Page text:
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Book Review: Annihilation Aria, by Michael R. Underwood

I borrowed a copy of Annihilation Aria (by Michael R. Underwood) from the local library.

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An exuberant space opera that dares us to lose ourselves in battle songs and nonstop action!

A woman who can wield a weapon like a song and her voice like a weapon. A man who can out-think any problem. A pilot who can outmaneuver the best of them. Lahra, Max, and Wheel live and work aboard the Kettle, salvaging artifacts from dangerous galactic ruins to keep scraping by.

But those artifacts can unlock an ancient power which threatens the iron-fisted rule of the galaxy’s imperialist overlords, the Vsenk. To protect their dominion, the Vsenk have humbled entire civilizations. They eat ships like the Kettle and her found family for breakfast.

Lahra, Max, and Wheel are each just trying to get home to the lives they lost, but they’ll have to evade space fascists, kick-start a rebellion, and save the galaxy first to do it.

Board the Kettle for a space opera like none you’ve ever read before; an adventure of galactic subterfuge, ancient alien lore, a secret resistance force, lost civilizations, and giant space turtles.

This is a little rambly, but I have scattered thoughts.

I enjoyed this a lot. I did think the pacing a little inconsistent—it dragged in the middle—and it felt a little like a second book sometimes, because of how much history was referenced between the characters. But overall, I loved spending time with the characters, enjoyed that the two main characters were married and seriously in love (no need to be a romance if the relationship is already established), appreciated the diversity in the alien species, thought there was a ton of witty humor, and several moral quandaries that invited deeper thought.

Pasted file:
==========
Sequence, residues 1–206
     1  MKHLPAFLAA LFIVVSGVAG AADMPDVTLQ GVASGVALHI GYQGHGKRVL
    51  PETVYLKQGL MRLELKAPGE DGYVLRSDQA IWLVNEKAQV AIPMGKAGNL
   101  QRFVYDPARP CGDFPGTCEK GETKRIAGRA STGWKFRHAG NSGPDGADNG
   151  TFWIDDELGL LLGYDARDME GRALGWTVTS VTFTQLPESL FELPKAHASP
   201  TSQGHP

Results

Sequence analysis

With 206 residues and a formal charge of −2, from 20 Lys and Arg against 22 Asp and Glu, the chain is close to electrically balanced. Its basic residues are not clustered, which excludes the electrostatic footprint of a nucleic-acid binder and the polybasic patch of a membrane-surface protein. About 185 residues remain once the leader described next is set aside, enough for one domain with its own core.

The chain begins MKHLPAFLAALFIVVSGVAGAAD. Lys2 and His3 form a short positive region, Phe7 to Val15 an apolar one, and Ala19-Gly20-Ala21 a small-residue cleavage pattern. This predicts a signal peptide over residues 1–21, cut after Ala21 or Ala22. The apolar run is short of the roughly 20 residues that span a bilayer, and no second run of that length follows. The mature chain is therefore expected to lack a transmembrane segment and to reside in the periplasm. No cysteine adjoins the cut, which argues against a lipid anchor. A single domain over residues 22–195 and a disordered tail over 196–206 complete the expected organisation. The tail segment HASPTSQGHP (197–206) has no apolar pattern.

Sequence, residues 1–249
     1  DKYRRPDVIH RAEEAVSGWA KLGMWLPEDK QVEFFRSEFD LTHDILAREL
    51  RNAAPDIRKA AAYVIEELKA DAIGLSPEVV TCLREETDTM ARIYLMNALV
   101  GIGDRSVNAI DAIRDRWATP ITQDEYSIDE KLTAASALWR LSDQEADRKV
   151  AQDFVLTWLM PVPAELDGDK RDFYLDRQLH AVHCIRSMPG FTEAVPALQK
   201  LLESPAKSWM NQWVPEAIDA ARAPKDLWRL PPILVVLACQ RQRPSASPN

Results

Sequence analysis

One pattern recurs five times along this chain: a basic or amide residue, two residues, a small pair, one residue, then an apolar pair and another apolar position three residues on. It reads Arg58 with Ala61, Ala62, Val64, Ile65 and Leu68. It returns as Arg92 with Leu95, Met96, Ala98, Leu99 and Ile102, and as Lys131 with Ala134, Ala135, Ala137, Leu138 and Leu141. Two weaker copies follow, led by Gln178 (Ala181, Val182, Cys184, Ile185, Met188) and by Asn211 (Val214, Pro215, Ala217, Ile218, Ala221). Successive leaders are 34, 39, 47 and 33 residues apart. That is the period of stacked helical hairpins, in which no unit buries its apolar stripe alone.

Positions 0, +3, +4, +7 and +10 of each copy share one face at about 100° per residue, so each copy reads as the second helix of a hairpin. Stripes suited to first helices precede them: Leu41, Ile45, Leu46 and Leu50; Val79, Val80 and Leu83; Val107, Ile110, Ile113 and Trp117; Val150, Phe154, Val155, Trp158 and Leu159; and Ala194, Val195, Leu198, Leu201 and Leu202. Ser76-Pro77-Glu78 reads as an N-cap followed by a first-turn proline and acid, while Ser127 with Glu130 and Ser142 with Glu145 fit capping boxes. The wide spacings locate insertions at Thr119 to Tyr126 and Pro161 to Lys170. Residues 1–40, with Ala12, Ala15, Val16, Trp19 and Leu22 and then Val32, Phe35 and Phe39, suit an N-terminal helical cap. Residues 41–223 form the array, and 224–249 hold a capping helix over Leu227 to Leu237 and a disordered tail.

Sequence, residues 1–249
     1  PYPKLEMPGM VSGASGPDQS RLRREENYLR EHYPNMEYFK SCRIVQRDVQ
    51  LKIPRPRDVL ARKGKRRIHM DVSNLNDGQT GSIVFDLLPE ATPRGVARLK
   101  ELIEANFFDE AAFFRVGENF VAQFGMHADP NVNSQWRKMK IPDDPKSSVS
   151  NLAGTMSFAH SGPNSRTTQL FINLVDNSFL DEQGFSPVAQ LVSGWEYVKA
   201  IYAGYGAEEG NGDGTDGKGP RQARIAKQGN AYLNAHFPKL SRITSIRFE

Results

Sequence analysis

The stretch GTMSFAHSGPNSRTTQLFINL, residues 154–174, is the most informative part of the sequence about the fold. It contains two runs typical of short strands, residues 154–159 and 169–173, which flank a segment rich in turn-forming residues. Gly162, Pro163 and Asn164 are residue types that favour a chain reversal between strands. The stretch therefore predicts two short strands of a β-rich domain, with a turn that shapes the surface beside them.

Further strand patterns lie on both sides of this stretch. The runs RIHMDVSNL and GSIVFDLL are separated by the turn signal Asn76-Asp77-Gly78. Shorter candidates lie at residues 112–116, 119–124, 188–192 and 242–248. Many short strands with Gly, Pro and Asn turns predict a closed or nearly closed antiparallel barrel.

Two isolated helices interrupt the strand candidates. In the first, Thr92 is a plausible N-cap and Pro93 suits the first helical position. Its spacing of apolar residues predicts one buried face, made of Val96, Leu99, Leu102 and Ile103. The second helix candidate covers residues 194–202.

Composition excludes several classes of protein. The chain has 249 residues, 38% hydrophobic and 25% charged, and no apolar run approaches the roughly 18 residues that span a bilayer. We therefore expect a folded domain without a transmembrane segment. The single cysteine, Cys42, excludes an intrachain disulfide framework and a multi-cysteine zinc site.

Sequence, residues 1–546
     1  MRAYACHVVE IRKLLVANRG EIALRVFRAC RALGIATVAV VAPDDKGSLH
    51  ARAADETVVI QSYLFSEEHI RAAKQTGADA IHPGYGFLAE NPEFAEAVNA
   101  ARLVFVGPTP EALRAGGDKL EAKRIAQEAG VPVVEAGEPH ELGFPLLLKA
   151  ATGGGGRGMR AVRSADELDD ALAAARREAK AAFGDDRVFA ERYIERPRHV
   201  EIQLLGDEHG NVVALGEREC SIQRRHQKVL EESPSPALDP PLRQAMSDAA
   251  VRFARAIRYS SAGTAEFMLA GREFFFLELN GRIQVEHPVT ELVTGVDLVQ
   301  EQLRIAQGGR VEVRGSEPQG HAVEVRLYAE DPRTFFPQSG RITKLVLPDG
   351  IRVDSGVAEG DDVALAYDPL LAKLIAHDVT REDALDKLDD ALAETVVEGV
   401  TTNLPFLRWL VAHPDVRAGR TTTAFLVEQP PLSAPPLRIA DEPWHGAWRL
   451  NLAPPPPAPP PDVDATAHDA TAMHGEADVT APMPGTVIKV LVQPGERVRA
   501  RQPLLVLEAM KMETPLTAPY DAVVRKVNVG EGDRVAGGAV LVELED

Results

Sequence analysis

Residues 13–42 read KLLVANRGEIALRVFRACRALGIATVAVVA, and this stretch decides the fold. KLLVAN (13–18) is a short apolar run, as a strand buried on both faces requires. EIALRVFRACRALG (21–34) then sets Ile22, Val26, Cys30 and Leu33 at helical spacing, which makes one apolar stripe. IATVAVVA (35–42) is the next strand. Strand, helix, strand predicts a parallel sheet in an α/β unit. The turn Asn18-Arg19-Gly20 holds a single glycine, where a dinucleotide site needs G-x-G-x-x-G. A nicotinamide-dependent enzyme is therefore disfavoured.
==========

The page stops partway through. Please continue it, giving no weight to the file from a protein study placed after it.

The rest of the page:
I also got a personal little amusement after I spent the whole book thinking, “Wow, this has a real Stargate feel to it” (along with anything and everything like Indiana Jones, Tomb Raider,—we had a lara/Lahra after all—Farscape, Star Wars, Firefly, etc, but mostly Stargate)—with the archeologist stepping through a gate and getting lost in space—and then realizing Max was referred to as ‘son of Danielle.’ Close enough to Daniel for me to call it a tribute, right? I’m running with it. It made me happy.

Lastly, as an aside, I recently read several books that I found recommended in a Fantasy Readers’ Forum in which the OP asked for books in which martial women protect nerdier guys. (Totally my jam too, BTW.) Well, this may be Sci-Fi, but it fits the OP’s request better than just about any of the books I saw recommended. (Except maybe His Secret Illuminations). So, if that’s your thing too, pick this book up.

All in all, I don’t know if a second book is planned, but I’d be happy to read it (or more of Underwood’s work) if one is.

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Other Reviews:

Garik16: Review Annihilation Aria

Review: Annihilation Aria by Michael R. Underwood

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